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Bihar’s Bumbling Education System

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A state known for its top universities has fallen into chaos, is plagued by scams and lackadaisical teachers. How can this system be reformed and corrected?

By Shama Sinha in Patna

Bihar was known for its scholars, visionaries and contribution to the Independence movement. However, things changed after India became free, and later governments could not streamline the education system there. After the enforcement of the Right to Education Act (RTE Act, 2009), various central governments took steps to strengthen the elementary education system in India. But, in Bihar, the ratio of primary, high and senior secondary schools lagged at 13:3:1. This means that for every 13 primary schools, there are three high schools and only one senior secondary school.

On top of that there was inadequate educational infrastructure, especially at the high and senior secondary school levels. Over a period of time, this problem was aggravated by an exponential increase in the population in Bihar.

The result is that students who can afford education outside the state have been migrating to higher education hubs like Kota, Delhi, Karnataka and Pune. Students from economically weaker sections, who cannot afford to study outside the state, have surrendered to the circumstances there.

EDUCATION MAFIA

Education in the state has fallen into the hands of a few opportunists who have no value and respect for it. This has led to the birth of another class known as the education mafia, leading to many ills such as fake degrees, mass copying, appointment of inefficient teachers, schools getting affiliations without fulfilling the conditions and upgrading of government primary and high schools without creating additional infrastructure. All this culminated in the now infamous topper scam of 2016.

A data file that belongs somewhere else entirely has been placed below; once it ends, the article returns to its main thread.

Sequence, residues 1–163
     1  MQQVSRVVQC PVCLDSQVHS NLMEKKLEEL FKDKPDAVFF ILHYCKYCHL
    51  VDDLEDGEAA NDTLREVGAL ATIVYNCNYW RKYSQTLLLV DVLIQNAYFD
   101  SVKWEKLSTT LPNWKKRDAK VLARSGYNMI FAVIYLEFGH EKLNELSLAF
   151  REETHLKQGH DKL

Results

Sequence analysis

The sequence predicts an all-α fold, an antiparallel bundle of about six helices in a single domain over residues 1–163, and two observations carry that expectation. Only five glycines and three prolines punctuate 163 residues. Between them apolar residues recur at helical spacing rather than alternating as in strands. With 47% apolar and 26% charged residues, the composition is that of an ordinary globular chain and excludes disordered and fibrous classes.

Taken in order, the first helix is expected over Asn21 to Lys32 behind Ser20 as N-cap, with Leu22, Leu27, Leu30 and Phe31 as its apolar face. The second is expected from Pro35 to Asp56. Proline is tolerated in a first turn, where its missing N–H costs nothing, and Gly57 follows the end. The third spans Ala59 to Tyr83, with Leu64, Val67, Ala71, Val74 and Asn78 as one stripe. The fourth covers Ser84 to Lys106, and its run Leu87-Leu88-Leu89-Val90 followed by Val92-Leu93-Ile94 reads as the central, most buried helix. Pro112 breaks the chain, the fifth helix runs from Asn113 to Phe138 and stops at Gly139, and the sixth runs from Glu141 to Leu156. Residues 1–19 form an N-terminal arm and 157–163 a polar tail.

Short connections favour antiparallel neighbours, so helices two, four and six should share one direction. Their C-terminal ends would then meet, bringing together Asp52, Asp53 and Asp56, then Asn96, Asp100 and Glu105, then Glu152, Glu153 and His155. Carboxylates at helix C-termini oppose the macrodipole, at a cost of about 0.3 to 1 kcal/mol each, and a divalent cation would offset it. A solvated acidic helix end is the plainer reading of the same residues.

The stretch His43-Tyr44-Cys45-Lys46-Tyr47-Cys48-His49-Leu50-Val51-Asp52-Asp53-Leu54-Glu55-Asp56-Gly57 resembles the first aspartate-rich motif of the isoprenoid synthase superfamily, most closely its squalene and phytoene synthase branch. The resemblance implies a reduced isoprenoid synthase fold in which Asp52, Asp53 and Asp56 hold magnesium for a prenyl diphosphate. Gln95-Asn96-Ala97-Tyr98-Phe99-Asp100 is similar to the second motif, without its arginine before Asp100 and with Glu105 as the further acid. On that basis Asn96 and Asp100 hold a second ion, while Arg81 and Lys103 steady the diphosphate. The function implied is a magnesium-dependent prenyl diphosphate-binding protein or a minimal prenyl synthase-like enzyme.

Fake degrees, mass copying, inefficient teachers, poor infrastructure, and improper school affiliations are some of the ills plaguing school education in Bihar.

Such is the sorry state of education in Bihar that the government has not opened even a single intermediate college in the last 15 years. The state government formulated a policy whereby some high schools were upgraded as higher secondary schools. The condition of most of these upgraded schools is awful as they neither have adequate infrastructure nor sufficient and qualified teachers. The average class size in secondary schools is strained as there are about 100 students per class or even more.

The appointment of underqualified teachers and those with fake degrees in government schools is another bugbear for students. Then there is political and bureaucratic interference leading to the appointment of inefficient teachers, culminating in the problem of “teacher absenteeism”. During unannounced visits by private researchers to schools, it was found that 37.8 percent of Bihar’s teachers were absent. This is the worst rate of teacher absenteeism in India and one of the highest in the world.

Justice PK Sinha, a former judge of the Patna High Court, said that the mess in education in Bihar cannot be cleared by knee-jerk or ad hoc measures. Though private schools are expensive, he said they add to the quality of education as compared to government schools. In such a scenario, closing a large number of schools and inter-colleges will play havoc with the careers of a large number of students, particularly rural ones. It would be best to give such schools a time limit to improve their infrastructure and establish good public schools, he added.